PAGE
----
Looking to improve your travel photography? Here are my favourite Useful Travel Photography Tips For Improving Your Photos.
Travel photography is like a time machine, freezing memories from a journey that you can look back on and enjoy for years. Plus it can help others find new inspiration.
Every travel destination has its own look, culture, history, people, feelings, landscapes, and stories.
Learning how to capture these subjects through photos helps convey the spirit of a place to others, giving them a glimpse of what it might be like to venture there.
Below you’ll find my favourite Useful Travel Photography Tips For Improving Your Photos during your next vacation!
Travel Photography Tips For Beginners
1. Wake Up Early, Stay Out Late
The early bird gets the worm. I’m sure you’ve heard that phrase. Well, it’s also very true for travel photography. Light is the most important ingredient for great photography — and soft, warm, morning light creates amazing images.
Sunrise isn’t the only time to catch good light. Sunsets are also great (check out these shots from Lofoten). The hour after sunrise and the hour before sunset are nicknamed “golden hours” because of their soft, warm tones and eye-pleasing shadows. “Blue hour”, is the hour after sunset (or before sunrise) when the sky is still blue, but city lights are turned on.
2. Pre-Trip Location Scouting
Read travel guidebooks about your destination. Scour the internet for articles and blog posts to help give you ideas for photos. Talk to friends who have been there. Reach out to other photographers. Become more knowledgeable about which images will capture the essence of a place.
3. Ask For Permission From Locals
Photographing local people in a foreign country is tough for many photographers. What if they don’t understand you? What if they say no? Will they get offended? It took me a couple of years to get comfortable shooting portraits of locals, and even now I still get a bit nervous.
Always ask permission for close-ups too. Spend 15 minutes learning how to say “can I make a photograph” or “can I take your portrait” in the local language before you arrive. People really appreciate the effort, and it’s a great way to make a new friend.
Some people will say no. Some will ask for money (I sometimes pay, but that’s up to you). It’s not the end of the world. Thank them for their time, smile, and move on to someone else and try again. Actually the more you get rejected, the easier it gets to ask!
4. Never Stop Learning
Enroll in some online photography classes. Invest in a travel photography workshop. Go out and practice regularly. This is how you get better – not because you have the latest gear or use popular Instagram filters.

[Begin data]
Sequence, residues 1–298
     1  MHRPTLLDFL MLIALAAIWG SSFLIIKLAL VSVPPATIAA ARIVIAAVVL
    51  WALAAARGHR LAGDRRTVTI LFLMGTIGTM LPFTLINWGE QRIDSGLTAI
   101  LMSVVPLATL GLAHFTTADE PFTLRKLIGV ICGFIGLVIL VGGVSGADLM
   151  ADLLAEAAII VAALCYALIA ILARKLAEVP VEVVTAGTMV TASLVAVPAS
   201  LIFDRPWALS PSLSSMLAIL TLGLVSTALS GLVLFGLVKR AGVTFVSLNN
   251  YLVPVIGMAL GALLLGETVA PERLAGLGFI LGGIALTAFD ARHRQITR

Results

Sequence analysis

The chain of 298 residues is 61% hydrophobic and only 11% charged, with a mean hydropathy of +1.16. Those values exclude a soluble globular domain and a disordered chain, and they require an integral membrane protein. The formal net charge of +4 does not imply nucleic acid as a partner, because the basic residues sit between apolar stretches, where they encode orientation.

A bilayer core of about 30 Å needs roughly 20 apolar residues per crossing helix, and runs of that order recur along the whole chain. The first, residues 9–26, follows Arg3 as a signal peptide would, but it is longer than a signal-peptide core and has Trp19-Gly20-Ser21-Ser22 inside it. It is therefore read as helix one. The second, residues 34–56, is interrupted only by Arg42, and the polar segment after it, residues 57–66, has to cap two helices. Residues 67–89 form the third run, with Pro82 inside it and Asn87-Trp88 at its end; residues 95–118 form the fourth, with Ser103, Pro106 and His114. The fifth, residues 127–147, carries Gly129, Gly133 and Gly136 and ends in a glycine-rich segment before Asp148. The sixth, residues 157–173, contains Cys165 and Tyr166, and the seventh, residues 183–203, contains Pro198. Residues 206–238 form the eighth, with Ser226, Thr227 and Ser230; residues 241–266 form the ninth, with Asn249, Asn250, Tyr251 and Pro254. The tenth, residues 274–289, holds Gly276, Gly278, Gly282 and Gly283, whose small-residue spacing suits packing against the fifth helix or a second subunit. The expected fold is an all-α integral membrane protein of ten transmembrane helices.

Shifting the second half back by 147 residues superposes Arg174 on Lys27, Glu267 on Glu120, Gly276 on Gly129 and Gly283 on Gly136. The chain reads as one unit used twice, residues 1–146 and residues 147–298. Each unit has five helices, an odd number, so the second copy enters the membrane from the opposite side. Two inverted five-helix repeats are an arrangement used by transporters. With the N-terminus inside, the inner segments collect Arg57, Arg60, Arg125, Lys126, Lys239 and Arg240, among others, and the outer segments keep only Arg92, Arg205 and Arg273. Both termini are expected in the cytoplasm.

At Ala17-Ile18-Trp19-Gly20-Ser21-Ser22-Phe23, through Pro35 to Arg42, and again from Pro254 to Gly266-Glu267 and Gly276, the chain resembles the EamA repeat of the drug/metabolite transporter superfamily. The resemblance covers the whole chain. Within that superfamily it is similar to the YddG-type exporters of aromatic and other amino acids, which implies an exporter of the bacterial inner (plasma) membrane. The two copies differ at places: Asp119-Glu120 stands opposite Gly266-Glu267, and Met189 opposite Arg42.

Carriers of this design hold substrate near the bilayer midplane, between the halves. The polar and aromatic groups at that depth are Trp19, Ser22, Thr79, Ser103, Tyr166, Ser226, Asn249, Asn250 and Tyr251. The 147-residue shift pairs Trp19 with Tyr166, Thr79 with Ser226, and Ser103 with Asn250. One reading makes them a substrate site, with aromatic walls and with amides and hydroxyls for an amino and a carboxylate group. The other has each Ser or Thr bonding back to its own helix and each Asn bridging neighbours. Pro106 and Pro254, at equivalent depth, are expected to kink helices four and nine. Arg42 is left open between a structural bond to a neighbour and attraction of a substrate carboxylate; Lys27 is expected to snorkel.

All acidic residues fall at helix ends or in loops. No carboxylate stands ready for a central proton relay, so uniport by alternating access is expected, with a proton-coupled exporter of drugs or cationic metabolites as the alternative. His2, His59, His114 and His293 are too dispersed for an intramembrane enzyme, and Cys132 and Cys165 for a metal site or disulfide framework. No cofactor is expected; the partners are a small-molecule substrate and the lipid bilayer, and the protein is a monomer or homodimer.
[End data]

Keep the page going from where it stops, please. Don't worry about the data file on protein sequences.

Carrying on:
5. Rule Of Thirds In Photography
One of the most basic and classic photography tips, understanding the Rule of Thirds will help you create more balanced compositions. Imagine breaking an image down into thirds horizontally and vertically, so it’s split into different sections.
6. Pack A Lightweight Travel Tripod
I think more people should be using lightweight travel tripods. A tripod allows you to set your camera position and keep it there. With the camera fixed, you can then take your time arranging the perfect composition.
7. Experiment With Composition
You can almost always come up with a better photo composition after some experimentation. Sure, take that first shot standing up straight. But then try laying on the ground for a low angle. Maybe climb up something nearby and shoot from a higher angle.
8. Make Travel Photography A Priority
Attempting to take quick snapshots as you rush from one location to another will leave you with the same boring photos everyone else has. Make sure you plan “photography time” into your travel schedule. Good travel photography requires a solid time commitment on your part.
9. Don’t Underestimate The Human Element
People like to live vicariously through human subjects in photos. Especially if the viewer can pretend the person in the photo is them. It adds more emotion to an image, you feel like you’re experiencing the location yourself.
10. Patience Is Everything
Photography is about really seeing what’s in front of you. Not just with your eyes, but with your heart & mind too. This requires dedicated time and attention. Slow down and make a conscious effort at becoming aware of your surroundings before pressing the shutter.
11. Be Nice & Have Fun!
I’ve seen many travel photographers who take their photography VERY seriously. You probably know the type, usually semi-professionals blocking off famous photography locations with a wall of tripods, ignoring closed-off areas, yelling at anyone who gets in their frame.
Suggested Reading: Into the wild in Africa
Try to remember that we’re all sharing these spaces, and we have to learn to get along. Be kind to other photographers, practice patience and common sense. Try not to be the person that ruins everyone else’s photo, but treat other photographers the way you would want to be treated!
I hope you find them as useful as I did! Remember, never stop learning.